"[T]he current earnings target for the S&P 500 for 2011 is higher than actual earnings in 2006, the last full year before the subprime mortgage meltdown. So it doesn't seem at all as if a possible slowdown in global economic growth is factored into the market at all."
-- CNNMoney.com, June 23, 2010
I beg to differ. Consider this chart:
These aren't estimates made by some rosy-eyed kook, mind you. These are actual, in-the-books business profits -- and they're already higher than the previous peak reached in 2006.
Now, these are economy-wide profits, not just S&P 500 profits, so this chart may not be perfectly representative of the stock market. But the trend is obvious: Corporate America is back, and it's more profitable than ever.
While you were sleeping ...
How, you'll ask, did we manage such a ferocious rebound? A few points to consider:
- Businesses have become phenomenally efficient, as shown by the surge in labor productivity. When productivity rises, companies are extracting more output from each unit of labor. In other words, they're producing the same amount while employing less people. Incredibly, real (inflation-adjusted) GDP is higher today than it was in 2006, even as unemployment more than doubled. This is awful for the jobless, but it's been a godsend for corporate profitability.
- The earnings crash in 2008 had less to do with falling demand as it did a one-time purge of leveraged financial balance sheets. The magnitude of losses at companies like Citigroup (NYSE: C ) and AIG (NYSE: AIG ) didn't reflect the greater economy, yet they were enough to annihilate aggregate profits. Put another way, the crash, not the rebound, was the aberration. That's not saying aggregate profits didn't deserve to fall -- did they ever! Just not to the degree financial profits skewed the big picture in late 2008.
- Between the zero-percent interest rates, government-subsidized capital, and outrageous accounting leeway, banks have been handed the most generous earnings environment in the history of the universe. As Warren Buffett put it in early 2009: "Banking has never been better in one sense. I mean, the banks are getting their money very cheaply ... spreads have never been wider, all the new business they're doing is terrific." And it was. Goldman Sachs (NYSE: GS ) couldn't stop making record profits if it tried. And since financial industry makes up 21% of national GDP, their results have a big impact on the aggregates.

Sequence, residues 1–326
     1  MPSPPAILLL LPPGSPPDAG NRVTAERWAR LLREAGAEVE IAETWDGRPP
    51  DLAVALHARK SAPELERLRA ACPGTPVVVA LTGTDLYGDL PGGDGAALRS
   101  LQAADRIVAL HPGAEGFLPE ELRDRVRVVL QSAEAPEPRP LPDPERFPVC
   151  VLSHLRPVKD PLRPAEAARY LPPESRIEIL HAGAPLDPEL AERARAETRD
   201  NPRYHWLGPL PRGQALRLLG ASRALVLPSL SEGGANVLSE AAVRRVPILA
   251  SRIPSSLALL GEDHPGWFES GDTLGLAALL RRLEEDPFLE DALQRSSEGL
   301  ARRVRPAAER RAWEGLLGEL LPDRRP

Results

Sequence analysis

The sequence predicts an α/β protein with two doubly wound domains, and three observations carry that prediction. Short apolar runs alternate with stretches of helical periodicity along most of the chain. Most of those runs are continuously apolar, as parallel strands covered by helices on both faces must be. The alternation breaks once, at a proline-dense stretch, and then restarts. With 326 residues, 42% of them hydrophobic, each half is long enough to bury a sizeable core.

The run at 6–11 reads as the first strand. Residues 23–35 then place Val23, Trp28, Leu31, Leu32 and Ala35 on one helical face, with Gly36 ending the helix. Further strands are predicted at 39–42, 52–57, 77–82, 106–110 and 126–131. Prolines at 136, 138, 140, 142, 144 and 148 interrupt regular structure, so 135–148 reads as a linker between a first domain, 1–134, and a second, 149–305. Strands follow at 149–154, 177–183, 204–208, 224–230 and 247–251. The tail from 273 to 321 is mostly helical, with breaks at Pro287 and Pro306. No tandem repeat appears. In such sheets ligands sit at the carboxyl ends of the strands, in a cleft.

- Businesses have been restocking inventory like champions, which actually accounted for the majority of GDP growth late last year. This, however, is a temporary phenomenon. The profit rebound isn't as impressive when adjusted for inventory valuations, although it still shows current profits rebounding all the way to back to 2006 figures.
- Profits shown here nominal (not adjusted for inflation), which somewhat explains the record highs. While inflation has been mute lately, it's hasn't exactly been eliminated. The overall consumer price index is roughly 8% higher today than it was in 2006. The sharp rebound in the price of oil that took place in 2009 was a major profit booster for companies like ExxonMobil (NYSE: XOM ) .
- Stimulus and other giveaways have without a doubt juiced profits. Cash for Clunkers, for example, was a big (albeit temporary) win for auto manufactures like Ford (NYSE: F ) and GM. KB Homes (NYSE: KBH ) , among other homebuilders, was able to turn genuine losses into sizable profits thanks to tweaks of the tax code.
There are other reasons. But these six, in that order, explain most of why profits have rebounded to record highs.
Where to now?
The big questions are whether the current profit highs are sustainable, and if so, what they mean for market valuations.
I have my concerns about the economy, but betting on sustainable profits seems like a fair bet. Corporate leaders have proven that the bottom line won't be sacrificed by anything (including employees), and will do anything short of slave labor to keep profitability intact. That's what they're incentivized to do. True, there's an eventual limit to how much productivity companies can squeeze out. But it's never paid to bet against the flexibility of the U.S. economy. The speed of the profits rebound may have topped, but you have to be certifiably nutcase bearish to expect a substantial drop from here.
As for valuations, that's up for the market to decide. To quote James Grant:
To suppose that the value of a common stock is determined purely by a corporation's earnings ... is to forget that people have burned witches, gone to war on a whim, risen to the defense of Joseph Stalin, and believed Orson Welles when he told them over the radio that the Martians had landed.
There are cheap stocks out there, especially after the recent pullback. Unfortunately, the psychological trauma polluting investors' moods might keep those stocks cheap for a while. Patience is at a premium these days.
Check back every Tuesday and Friday for Morgan Housel's columns on finance and economics.